The masterminds behind the election

How do you get your party leader to embrace a message and then stick to it? By employing these people
Machine Gun America: The amusement park where teenagers go to shoot a huge range of automatic weapons

Machine Gun America

The amusement park where teenagers go to shoot a huge range of automatic weapons
The ethics of pet food: Why are we are so selective in how we show animals our love?

The ethics of pet food

Why are we are so selective in how we show animals our love?
How Tansy Davies turned 9/11 into her opera 'Between Worlds'

How a composer turned 9/11 into her opera 'Between Worlds'

Tansy Davies makes her operatic debut with a work about the attack on the Twin Towers. Despite the topic, she says it is a life-affirming piece
11 best bedside tables

11 best bedside tables

It could be the first thing you see in the morning, so make it work for you. We find night stands, tables and cabinets to wake up to
Italy vs England player ratings: Did Andros Townsend's goal see him beat Harry Kane and Wayne Rooney to top marks?

Italy vs England player ratings

Did Townsend's goal see him beat Kane and Rooney to top marks?
Danny Higginbotham: An underdog's tale of making the most of it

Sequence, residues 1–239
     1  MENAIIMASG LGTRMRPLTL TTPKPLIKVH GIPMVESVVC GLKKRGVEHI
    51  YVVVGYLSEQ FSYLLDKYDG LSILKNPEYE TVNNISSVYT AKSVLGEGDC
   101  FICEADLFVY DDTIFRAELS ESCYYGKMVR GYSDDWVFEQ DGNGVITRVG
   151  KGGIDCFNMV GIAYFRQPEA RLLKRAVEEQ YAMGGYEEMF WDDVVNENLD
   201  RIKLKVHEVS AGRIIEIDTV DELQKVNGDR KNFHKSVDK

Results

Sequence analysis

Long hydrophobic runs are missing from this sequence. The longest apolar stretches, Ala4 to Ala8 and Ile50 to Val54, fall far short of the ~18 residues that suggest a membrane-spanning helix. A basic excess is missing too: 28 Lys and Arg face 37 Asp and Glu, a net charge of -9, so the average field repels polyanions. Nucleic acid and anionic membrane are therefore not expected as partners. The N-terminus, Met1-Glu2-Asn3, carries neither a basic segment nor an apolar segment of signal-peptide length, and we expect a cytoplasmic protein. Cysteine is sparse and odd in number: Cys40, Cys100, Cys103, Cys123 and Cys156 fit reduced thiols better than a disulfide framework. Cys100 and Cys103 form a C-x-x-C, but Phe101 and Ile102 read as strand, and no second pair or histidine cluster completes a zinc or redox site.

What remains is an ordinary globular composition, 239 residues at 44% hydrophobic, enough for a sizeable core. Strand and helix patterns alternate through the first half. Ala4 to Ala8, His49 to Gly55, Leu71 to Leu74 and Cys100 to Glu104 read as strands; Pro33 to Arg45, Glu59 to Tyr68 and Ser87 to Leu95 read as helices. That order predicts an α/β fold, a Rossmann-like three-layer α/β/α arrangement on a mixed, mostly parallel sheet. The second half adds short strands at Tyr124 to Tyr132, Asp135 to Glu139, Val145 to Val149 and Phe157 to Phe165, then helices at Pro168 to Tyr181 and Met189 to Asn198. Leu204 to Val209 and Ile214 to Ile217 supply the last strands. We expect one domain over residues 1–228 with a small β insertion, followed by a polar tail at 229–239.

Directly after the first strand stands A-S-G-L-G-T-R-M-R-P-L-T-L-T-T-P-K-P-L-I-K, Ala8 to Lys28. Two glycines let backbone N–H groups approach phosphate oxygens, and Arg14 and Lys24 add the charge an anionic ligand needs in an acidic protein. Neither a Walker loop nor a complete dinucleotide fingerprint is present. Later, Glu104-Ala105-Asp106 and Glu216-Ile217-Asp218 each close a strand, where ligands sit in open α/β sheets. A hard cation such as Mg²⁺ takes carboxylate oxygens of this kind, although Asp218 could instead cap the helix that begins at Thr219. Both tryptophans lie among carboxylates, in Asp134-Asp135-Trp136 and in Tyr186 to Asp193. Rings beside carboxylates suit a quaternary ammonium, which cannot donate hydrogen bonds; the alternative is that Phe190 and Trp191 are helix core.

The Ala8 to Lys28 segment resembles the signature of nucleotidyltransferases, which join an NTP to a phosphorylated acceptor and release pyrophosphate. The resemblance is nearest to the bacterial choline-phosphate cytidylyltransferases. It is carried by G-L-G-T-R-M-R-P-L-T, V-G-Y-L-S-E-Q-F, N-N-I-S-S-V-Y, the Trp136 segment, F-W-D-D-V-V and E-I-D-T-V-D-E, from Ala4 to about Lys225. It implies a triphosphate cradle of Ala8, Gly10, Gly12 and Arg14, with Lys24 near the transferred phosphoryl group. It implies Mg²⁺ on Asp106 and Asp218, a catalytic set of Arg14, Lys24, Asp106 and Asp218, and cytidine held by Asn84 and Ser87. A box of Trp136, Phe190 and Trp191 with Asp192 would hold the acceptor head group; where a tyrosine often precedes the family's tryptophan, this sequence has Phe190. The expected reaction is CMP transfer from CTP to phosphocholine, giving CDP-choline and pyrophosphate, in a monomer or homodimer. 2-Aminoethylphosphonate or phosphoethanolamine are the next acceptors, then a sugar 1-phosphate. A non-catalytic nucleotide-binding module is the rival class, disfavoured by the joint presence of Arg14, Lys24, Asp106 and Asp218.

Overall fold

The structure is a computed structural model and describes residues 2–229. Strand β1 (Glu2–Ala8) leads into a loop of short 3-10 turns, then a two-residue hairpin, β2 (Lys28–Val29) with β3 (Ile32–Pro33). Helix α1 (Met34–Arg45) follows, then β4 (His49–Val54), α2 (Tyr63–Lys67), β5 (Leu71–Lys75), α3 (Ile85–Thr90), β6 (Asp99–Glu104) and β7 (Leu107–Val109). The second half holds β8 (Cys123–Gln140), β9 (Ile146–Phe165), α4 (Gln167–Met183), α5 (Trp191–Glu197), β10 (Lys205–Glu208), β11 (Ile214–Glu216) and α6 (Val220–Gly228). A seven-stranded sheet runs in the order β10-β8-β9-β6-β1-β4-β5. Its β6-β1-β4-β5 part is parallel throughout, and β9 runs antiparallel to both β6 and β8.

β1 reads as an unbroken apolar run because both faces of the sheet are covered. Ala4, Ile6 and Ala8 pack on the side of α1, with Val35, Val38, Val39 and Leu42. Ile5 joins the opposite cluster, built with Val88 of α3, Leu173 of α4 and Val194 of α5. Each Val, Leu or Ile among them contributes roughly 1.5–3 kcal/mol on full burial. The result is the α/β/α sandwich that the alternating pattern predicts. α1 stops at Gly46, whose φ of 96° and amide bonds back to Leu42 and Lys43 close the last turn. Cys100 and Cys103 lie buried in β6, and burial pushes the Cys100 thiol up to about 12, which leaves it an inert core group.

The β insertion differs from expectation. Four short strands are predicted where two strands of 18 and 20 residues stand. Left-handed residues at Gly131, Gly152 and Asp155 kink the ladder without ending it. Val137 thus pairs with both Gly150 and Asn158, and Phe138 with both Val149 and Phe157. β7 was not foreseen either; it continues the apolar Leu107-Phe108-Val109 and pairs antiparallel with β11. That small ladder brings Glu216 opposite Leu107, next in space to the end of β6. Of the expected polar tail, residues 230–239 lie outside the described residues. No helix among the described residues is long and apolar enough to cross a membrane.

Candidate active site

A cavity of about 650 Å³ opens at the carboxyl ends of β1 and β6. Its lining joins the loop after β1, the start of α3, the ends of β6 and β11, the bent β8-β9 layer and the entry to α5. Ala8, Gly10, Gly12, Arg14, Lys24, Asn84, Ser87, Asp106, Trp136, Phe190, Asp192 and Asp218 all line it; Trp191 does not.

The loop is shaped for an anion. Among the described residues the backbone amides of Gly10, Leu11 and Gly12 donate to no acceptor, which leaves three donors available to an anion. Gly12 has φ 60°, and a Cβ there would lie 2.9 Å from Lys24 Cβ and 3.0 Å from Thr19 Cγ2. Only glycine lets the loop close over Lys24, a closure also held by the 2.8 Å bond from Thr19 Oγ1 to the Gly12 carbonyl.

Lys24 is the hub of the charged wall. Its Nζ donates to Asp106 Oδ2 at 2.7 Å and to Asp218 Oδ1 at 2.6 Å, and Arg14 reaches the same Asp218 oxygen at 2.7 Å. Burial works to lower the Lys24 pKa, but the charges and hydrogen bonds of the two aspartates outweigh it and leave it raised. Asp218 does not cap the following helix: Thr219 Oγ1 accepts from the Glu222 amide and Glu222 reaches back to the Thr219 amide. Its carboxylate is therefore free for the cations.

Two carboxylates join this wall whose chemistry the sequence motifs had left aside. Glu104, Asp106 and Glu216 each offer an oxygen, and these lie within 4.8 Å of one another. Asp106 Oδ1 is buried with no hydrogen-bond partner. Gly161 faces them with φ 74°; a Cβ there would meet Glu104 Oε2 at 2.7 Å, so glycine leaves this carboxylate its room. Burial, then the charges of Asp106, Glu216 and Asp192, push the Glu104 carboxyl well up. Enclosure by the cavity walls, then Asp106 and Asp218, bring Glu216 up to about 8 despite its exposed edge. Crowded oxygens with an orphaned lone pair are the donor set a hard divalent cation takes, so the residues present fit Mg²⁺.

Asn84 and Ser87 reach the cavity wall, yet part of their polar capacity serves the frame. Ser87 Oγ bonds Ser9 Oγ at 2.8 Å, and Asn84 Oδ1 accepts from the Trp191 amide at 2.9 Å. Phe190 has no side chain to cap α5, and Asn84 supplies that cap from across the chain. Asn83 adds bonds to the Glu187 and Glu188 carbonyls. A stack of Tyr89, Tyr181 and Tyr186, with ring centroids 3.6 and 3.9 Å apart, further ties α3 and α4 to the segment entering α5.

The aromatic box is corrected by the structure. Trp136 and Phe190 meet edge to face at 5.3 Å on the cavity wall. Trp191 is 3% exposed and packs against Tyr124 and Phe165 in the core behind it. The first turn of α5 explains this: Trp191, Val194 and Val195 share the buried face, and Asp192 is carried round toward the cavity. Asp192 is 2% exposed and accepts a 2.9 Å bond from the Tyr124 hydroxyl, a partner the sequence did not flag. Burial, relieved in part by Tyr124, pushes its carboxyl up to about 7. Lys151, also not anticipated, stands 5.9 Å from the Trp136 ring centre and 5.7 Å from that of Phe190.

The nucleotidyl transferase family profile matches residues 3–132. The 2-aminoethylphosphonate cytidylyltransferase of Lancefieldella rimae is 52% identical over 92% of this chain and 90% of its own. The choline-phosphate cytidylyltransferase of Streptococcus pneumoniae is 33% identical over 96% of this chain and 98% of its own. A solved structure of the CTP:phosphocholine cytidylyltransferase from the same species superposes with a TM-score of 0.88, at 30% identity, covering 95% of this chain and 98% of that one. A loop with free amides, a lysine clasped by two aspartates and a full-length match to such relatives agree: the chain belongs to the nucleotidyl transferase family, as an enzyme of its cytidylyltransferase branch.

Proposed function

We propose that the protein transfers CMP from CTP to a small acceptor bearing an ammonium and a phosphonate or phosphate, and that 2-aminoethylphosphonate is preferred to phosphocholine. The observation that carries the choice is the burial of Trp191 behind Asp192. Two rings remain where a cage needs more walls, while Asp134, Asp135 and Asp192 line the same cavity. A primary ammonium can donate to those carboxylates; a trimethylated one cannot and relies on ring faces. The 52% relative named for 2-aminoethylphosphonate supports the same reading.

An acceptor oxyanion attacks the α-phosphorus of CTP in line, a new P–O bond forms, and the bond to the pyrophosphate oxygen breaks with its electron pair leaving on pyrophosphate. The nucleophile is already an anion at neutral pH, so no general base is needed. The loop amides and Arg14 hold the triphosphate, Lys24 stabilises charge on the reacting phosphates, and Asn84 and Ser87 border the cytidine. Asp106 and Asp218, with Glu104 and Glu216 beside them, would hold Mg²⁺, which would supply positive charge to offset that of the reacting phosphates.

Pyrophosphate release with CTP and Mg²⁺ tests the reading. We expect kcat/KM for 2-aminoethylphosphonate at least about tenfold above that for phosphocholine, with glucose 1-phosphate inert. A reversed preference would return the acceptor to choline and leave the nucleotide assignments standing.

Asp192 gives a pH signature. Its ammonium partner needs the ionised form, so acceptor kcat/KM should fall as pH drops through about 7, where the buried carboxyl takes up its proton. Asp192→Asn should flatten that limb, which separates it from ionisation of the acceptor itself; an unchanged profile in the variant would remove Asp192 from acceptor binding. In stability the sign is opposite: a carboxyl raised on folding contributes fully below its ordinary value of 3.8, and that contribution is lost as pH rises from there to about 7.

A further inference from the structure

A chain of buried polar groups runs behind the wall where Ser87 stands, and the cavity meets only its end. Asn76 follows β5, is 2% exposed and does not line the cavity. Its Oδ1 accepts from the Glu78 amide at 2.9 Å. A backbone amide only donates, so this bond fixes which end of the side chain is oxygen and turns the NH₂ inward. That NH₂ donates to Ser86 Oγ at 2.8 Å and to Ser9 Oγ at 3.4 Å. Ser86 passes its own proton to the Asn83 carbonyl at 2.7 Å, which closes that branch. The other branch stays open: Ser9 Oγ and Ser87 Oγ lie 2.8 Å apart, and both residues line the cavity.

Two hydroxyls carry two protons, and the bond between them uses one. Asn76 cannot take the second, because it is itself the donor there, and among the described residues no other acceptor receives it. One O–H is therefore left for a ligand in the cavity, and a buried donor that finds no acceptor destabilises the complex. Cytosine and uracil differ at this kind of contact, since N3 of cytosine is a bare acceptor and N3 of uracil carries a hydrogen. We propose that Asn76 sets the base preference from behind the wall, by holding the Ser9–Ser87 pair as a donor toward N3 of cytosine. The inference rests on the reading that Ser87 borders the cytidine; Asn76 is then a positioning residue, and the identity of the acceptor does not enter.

An underdog's tale of making the most of it

Danny Higginbotham on being let go by Manchester United, annoying Gordon Strachan, utilising his talents to the full at Stoke and plunging into the world of analysis
Audley Harrison's abusers forget the debt he's due, but Errol Christie will always remember what he owes the police

Steve Bunce: Inside Boxing

Audley Harrison's abusers forget the debt he's due, but Errol Christie will always remember what he owes the police
No postcode? No vote

Floating voters

How living on a houseboat meant I didn't officially 'exist'
Louis Theroux's affable Englishman routine begins to wear thin

By Reason of Insanity

Louis Theroux's affable Englishman routine begins to wear thin
Power dressing is back – but no shoulderpads!

Power dressing is back

But banish all thoughts of Eighties shoulderpads
Spanish stone-age cave paintings 'under threat' after being re-opened to the public

Spanish stone-age cave paintings in Altamira 'under threat'

Caves were re-opened to the public
'I was the bookies’ favourite to be first to leave the Cabinet'

Vince Cable interview

'I was the bookies’ favourite to be first to leave the Cabinet'
Election 2015: How many of the Government's coalition agreement promises have been kept?

Promises, promises

But how many coalition agreement pledges have been kept?
The Gaza fisherman who built his own reef - and was shot dead there by an Israeli gunboat

The death of a Gaza fisherman

He built his own reef, and was fatally shot there by an Israeli gunboat